Monday, June 11, 2007
When Wolf Blitzer asked John McCain, for example, if the thought creationism should be taught in public schools, DeWolf saw it as a "trick question" because, "no serious advocate wants to teach 'creationism.'"
- Initially the Dover School Board wanted to teach creationism. As school board member Bill Buckingham put it, "2,000 years ago a man died on a Cross, can't someone stand up for Him now." They only settled, reluctantly, for a statement endorsing intelligent design because they mistakenly believed it to be legally defensible.
- In Kansas, Steve Abrams tried to write creationism into the curriculum by writing evolution, the Big Bang, and the age of the earth out in 1999. In 2005, they decided to go the modified limited hangout route with ID-inspired criticisms of evolution only because they didn't believe they could get what they really wanted -- Genesis in the science curriculum.
- The history of evolution cases from Scopes on is all about finding a way to teach biblical literalism in biology classrooms.
- Anyone who has ever attended a school board meeting where evolution is debated knows that virtually no one -- unless Casey Luskin has been dispatched from the Discovery Institute -- ever speaks for intelligent design. They all want that old time religion.
- Ken Ham certainly wants creationism taught -- and he's demonstrated an ability to raise money for his beliefs that dwarfs anything Discovery has done. You don't notice Ham crying about the way he's treated in the media.
- Henry Morris III wants creationism taught. Where Henry Morris IV or XIV stands we have no idea.
- Pat Robertson and James Dobson want it taught, too.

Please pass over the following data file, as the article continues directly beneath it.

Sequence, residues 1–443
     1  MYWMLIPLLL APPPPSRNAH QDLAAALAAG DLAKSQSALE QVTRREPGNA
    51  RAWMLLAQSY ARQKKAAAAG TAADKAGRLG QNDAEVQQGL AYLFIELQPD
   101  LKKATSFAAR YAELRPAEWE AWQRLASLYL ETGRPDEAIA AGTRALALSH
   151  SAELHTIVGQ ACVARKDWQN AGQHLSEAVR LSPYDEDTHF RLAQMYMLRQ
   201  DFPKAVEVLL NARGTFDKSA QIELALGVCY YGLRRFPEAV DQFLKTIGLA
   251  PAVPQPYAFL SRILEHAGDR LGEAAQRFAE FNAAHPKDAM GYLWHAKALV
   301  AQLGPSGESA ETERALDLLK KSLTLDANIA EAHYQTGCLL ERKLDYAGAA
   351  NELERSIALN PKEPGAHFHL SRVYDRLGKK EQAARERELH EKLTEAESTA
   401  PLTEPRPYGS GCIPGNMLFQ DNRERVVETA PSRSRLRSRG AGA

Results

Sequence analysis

The problem for DeWolf and the Discovery Institute is that nobody really wants intelligent design. Everyone, and I mean everyone, sees it for what it is: a poor substitute for Adam and Eve, Noah and the flood.
It was once thought that the ID legal strategy might successfully open the door to creationism. After Dover, even that pipe dream has gone by the boards.
The other big problem for DeWolf and Discovery is that only three of the nine Republican presidential candidates at the first debate -- Brownback, Huckabee, and Tancredo -- were foolish enough to hold up their hands when asked whether or not they believe in evolution.
In the weeks since, two of them -- Brownback and Huckabee -- have "clarified" their positions.
Despite a certain confusion in recent polls about what Americans believe about evolution and creationism, even Republican candidates who must win over their party's socially conservative base find they can't run a credible campaign if they're on record in opposition to teaching evolution in public schools.
That's bad news for Discovery and their allies.